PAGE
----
Two posts ago, I gave you a round up of my 2013 goals. I mentioned that one of my targets is to shave more than an hour off my marathon time. My friend and running coach Carol Frazey is convinced that I could run a 4-hour race if trained hard, and Bill agrees. I admit to being skeptical. My average pace (in the 25-ish marathons I’ve run so far in the past 8 years) has to be about 5:25 (if anyone would care to look up all of my finishing times and calculate, I’d be grateful). My fastest race was in Tateyama, Japan in January of 2009 at 4:53 (the one and only race I’ve ever completed in under 5 hours). I’m four years older and five pounds heavier now than I was in that Tateyama race. AND my last few marathons have been done at elevation, so my times have been longer than usual this last year. My confidence is low at the moment, even if my determination is high.
But I’ve committed to follow Carol’s training plan for me faithfully. It will look something like this:
Mondays: Speed work
Tuesday: 3 to 5 mile fun run (at my request–I wanted one non-training run a week)
Wednesday: Pace work
Friday: 3 to 5 miles
Saturday: Long run
The goal is for me to take all year to build up my running skill and shave off time. I’ll identify a few races throughout the year (5Ks, 10Ks, half marathons and marathons) to race so we can determine if the 4-hour goal appears achievable based on my progress. The ultimate plan is to run a marathon in January or February of 2014 (this is a long process because I have a long way to go). Right now we’re talking about traveling to the Austin Marathon in February. We’ll keep you posted.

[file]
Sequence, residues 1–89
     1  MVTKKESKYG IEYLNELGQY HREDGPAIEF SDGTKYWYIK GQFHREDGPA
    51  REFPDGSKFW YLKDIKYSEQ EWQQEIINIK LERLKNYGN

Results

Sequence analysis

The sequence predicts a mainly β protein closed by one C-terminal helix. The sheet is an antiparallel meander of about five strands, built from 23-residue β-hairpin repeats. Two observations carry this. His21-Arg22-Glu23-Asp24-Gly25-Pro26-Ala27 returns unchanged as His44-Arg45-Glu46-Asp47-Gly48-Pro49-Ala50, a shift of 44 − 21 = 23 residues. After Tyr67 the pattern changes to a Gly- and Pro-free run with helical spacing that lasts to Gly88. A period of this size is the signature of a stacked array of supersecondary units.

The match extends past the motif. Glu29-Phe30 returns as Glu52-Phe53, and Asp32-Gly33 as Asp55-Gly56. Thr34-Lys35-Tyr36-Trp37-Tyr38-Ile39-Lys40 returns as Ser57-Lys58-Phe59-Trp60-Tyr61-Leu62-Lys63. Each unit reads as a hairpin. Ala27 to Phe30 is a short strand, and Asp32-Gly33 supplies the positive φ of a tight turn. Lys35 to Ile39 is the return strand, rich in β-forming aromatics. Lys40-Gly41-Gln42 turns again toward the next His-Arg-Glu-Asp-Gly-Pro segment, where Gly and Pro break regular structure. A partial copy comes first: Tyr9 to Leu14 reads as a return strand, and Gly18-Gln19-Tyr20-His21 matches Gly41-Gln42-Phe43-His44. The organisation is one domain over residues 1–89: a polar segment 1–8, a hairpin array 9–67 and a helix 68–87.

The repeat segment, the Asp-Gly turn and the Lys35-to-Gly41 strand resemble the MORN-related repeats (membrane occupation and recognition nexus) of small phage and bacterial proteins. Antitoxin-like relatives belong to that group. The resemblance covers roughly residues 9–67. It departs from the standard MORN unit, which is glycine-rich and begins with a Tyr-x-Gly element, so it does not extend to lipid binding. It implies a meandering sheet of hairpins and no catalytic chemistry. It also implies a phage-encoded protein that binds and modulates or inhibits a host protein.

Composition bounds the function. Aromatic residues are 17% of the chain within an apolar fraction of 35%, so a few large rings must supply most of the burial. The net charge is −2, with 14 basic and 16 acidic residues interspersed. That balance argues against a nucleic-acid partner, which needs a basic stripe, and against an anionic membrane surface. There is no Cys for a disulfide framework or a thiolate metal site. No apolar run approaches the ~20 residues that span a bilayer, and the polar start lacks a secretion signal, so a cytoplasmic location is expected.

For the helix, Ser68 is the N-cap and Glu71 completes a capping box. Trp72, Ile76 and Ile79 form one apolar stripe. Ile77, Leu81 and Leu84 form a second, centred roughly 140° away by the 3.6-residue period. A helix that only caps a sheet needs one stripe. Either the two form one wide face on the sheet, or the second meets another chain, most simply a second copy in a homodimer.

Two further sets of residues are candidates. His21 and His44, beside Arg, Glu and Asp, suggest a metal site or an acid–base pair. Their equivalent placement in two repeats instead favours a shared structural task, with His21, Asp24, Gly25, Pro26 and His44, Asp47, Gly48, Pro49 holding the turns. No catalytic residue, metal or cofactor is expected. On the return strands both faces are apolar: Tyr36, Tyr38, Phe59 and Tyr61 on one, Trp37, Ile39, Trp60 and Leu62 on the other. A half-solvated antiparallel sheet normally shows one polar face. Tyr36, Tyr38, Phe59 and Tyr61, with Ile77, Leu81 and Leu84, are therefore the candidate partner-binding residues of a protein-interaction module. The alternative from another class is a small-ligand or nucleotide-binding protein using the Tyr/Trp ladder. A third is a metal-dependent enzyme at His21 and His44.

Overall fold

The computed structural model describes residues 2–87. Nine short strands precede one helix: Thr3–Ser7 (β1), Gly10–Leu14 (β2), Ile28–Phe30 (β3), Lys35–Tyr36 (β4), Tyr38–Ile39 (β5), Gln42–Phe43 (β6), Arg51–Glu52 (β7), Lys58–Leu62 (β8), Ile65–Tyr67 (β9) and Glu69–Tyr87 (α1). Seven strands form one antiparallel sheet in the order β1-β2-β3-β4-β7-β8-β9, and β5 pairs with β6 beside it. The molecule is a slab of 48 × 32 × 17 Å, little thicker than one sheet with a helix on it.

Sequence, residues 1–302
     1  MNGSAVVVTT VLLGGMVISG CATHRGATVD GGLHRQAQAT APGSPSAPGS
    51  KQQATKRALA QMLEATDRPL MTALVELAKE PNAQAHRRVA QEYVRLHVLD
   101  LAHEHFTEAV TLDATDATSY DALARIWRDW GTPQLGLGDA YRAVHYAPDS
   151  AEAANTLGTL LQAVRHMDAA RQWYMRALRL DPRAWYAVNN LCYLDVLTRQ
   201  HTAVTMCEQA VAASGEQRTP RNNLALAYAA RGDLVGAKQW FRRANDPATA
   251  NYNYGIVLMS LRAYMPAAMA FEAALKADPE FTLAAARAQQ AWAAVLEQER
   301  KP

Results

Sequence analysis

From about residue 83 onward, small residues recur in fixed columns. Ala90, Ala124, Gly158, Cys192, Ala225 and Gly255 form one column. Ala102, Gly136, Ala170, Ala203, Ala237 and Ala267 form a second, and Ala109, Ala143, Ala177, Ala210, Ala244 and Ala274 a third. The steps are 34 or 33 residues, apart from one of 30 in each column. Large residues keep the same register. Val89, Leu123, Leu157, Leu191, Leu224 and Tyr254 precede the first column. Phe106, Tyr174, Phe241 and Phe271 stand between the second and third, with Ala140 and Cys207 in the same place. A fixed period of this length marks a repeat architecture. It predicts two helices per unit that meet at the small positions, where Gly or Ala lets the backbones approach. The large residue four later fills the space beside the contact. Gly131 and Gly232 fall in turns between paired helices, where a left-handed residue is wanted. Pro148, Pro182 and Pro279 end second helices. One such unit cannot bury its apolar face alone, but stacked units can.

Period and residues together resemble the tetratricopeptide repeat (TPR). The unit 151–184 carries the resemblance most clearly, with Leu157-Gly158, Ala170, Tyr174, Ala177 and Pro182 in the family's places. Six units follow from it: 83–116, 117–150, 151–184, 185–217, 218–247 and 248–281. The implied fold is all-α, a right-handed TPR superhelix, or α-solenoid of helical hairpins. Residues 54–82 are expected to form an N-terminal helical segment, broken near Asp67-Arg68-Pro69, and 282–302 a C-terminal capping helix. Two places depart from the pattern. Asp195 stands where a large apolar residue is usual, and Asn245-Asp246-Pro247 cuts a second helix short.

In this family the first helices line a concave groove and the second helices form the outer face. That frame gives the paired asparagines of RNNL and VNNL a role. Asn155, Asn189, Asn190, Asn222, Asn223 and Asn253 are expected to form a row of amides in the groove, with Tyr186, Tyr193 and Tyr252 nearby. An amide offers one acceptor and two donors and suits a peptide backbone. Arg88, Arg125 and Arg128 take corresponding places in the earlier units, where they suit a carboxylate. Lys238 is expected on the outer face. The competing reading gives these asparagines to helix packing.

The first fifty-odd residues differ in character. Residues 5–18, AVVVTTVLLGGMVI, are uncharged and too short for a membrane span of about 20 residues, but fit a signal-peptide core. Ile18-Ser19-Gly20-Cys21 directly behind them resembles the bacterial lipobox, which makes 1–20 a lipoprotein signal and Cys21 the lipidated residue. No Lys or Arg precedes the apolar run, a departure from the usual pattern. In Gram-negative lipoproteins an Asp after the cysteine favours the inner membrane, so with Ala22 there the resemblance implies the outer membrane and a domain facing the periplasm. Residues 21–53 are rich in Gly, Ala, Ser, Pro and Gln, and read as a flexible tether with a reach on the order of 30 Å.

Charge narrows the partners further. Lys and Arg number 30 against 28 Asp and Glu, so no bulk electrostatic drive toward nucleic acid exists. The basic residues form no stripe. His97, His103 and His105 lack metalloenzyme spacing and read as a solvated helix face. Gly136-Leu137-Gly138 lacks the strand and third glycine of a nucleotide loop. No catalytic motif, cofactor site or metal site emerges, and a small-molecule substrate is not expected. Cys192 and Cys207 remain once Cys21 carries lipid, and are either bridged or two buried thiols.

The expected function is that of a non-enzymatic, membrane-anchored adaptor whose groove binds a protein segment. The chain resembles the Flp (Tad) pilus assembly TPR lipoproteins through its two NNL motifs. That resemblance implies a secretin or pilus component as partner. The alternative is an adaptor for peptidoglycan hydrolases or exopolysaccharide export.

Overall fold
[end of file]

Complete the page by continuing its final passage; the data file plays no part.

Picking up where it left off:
I’ll be posting on Fridays with workout descriptions from the previous seven days. Follow along if you want. We’re even thinking of putting a group of women together to meet up for our target marathon, so stay tuned as we get further along in our training.
As you know if you’ve read Second Wind or followed this blog, I’ve always been committed to my spot at the back of the pack. So why am I doing this? There comes a point when you’ve completed a quest, that you need another one. Spiritual and emotional health is something you have to stay committed to–something you have to pursue. I can stay physically fit running at my usual pace, but I need to stretch myself. In the months to come I’ll be writing about what motivates me, what my roadblocks to progress are, and what works and doesn’t work.
If you’re training for a race, track with me. Or buy Carol’s ready-made 26-week training program (accompanied my my reflections on how the marathon teaches us to live life to its fullest) in our new magazine style book: 26.2 Life Lessons: Helping You Keep Pace With the Marathon of Life.